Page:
Amazon EventBridge Pipes were announced in December of 2022 yet we still haven’t seen much usage of them in serverless architectures; I feel that there is still uncertainty on the utility of this feature. Specifically, there is not yet widespread awareness of both the existence of the feature as well as the typical scenarios in which you would want to be using a Pipe. I hope to clear up some of this confusion here by sharing some of the thoughts I’ve gathered while using this service. In particular, as the title of this post suggests, I’ll identify both how and where this new feature is relevant.
A brief summary of the purpose of EventBridge Pipes: it serves as an AWS-native way to “glue” two AWS resources together. This entails simply moving information from one “Source”, such as an SQS queue, into some “Target” such as a Kinesis stream. It is important to note that technically any system that exposes an HTTP API, regardless of whether it runs inside AWS or not, can be used as a target for the EventBridge Pipe by virtue of EventBridge API Destinations feature. However, only a handful of services may serve as a Source:
First off, as one might expect, the new Pipes feature is not “magic.” In this context, what I mean here is that you will often need to define an InputTemplate at a minimum to transform the Pipe’s input into an acceptable format for your target. The service itself will not automatically detect what your specific intentions were. Pipes will not automatically translate the output of one system into the appropriate input for another AWS system.
As seen above, we might consider placing an EventBridge pipe between an SQS queue serving as a DLQ and a Lambda consumer, in order to allow for “redrive” functionality of those failed events back into the Lambda consumer. One could ask “Why not use the existing features in Lambda which already allow for SQS->Lambda integration?” This is a fair point, however, the only issue with this is that now the Lambda would need to be adjusted to support both invocations from SQS and EventBridge. The events the Lambda receives from either service differ in their format. You might expect me to say here “This is where EventBridge Pipes come in and allow for integration without code changes.” Unfortunately, this is not the case, because the Pipes feature is not quite that magical. To use EventBridge Pipes in this scenario, some minimal code changes will still be required. The only benefit here is that Pipes support Implicit body data parsing, which will save you from having to include a single JSON.parse call in your handler. If we are committed to supporting redrive functionality from the DLQ that mimics existing EventBridge Rule invocations as closely as possible, we might use something like this:
RoleArn: !GetAtt PipeRole.Arn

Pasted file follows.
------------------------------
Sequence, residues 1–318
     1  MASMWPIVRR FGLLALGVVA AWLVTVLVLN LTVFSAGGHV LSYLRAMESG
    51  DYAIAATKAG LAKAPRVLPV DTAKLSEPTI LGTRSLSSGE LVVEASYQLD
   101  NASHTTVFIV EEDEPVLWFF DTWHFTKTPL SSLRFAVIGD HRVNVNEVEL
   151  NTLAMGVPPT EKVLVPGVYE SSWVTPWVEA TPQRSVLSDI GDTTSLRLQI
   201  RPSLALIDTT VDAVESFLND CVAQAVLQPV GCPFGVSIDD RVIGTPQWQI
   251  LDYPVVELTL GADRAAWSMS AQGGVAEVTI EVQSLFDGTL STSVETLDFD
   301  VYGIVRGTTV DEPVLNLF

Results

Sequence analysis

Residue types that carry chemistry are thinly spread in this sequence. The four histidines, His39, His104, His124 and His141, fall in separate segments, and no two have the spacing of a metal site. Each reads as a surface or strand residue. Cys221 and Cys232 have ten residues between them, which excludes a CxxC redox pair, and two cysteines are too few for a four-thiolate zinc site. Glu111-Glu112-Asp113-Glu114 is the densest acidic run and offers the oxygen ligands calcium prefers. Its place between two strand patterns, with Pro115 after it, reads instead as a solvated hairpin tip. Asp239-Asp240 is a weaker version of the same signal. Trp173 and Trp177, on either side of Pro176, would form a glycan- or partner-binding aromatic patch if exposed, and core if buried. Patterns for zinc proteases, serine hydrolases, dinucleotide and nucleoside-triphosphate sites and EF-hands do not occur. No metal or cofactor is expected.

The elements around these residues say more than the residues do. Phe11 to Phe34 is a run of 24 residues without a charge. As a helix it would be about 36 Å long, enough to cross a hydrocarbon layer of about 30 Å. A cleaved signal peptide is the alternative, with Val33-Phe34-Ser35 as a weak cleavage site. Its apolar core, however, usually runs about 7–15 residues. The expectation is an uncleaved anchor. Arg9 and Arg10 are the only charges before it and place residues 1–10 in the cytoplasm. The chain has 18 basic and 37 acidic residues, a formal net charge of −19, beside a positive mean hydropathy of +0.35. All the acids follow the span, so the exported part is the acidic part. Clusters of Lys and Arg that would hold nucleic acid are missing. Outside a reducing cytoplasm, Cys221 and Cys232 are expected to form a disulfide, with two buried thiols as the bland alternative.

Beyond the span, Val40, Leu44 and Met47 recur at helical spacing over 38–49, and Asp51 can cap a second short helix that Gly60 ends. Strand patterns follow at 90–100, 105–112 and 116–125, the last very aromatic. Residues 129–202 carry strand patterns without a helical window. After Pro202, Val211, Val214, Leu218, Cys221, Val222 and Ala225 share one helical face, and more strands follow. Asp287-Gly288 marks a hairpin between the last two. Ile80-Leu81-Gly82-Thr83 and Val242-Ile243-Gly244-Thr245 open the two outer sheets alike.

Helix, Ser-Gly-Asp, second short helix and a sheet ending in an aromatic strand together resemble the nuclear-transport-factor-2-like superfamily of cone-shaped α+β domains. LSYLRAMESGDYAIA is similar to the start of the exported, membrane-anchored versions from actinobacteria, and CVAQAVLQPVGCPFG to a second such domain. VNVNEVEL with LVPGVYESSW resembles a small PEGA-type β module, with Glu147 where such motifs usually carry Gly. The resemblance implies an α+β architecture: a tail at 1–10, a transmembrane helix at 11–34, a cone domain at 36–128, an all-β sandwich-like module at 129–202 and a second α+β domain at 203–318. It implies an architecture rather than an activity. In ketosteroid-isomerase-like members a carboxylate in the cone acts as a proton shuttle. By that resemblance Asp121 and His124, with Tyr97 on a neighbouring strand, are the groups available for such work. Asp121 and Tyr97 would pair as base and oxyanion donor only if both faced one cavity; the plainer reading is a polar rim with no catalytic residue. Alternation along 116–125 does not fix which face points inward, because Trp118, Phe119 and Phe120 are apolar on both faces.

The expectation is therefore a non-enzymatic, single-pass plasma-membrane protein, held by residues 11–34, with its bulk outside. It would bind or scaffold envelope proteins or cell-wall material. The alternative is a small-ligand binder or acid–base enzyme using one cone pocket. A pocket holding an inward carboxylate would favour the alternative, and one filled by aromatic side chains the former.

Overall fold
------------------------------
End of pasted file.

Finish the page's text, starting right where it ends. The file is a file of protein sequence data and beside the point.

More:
Source: !GetAtt LambdaSQSDLQueue.Arn
Target: !GetAtt MyLambdaFunction.Arn
InvocationType: FIRE_AND_FORGET # async
DesiredState: STOPPED # in actual usage, we will flip this to RUNNING
The approach seen above will still require code changes, as the event when “redriving” from the DLQ will now be an array as opposed to an object. Moreover, we’ll need to access the “originalEvent” property within the only object in that array to grab what the EventBridge Event originally looked like.
The previously-described situation serves as an example of where not to use Pipes, so I think it would be useful to describe an example of where Pipes can truly shine: simple replacements of existing Lambda functions that serve only as a connector between two systems. “Simple” here could still include some filtering or enrichment, as Pipes support both, but the ideal case is that you just replace a Lambda function that is about three lines of code with a Pipe.
Any Lambda functions that serve purely as the “glue” between systems may easily be replaced with a Pipe, thereby giving you less code to manage and one less Lambda to worry about. Furthermore, costs will drop significantly. Pipes are currently at a flat rate of 40 cents per million requests. While Lambda’s request cost is 20 cents per million requests, if we say that your function is configured with 128 MB memory and takes 100ms to complete, then the associated “GB-seconds” cost of those million requests would be ~$201 when using Lambda. In this scenario, Pipes offer a 98% cost reduction, which is clearly significant if you happen to be in a situation where you are processing billions of requests.
To get started with using EventBridge pipes, ideally, it is as simple as adjusting existing IAC definitions to include EventBridge Pipe resources instead of Lambda functions. All commonly used IAC tooling now supports this feature. If you need help with getting the InputTemplate working correctly, Amazon EventBridge Transformer helps tremendously. Additionally, the AWS console itself helps to convey the process of creating/configuring EventBridge Pipes, so I would suggest using the AWS console as a visual aid while still defining the Pipes within IAC.
1 (.128 GB * 0.0000166667 dollar per GB-second) * (1000000 requests / .1 second-per-request)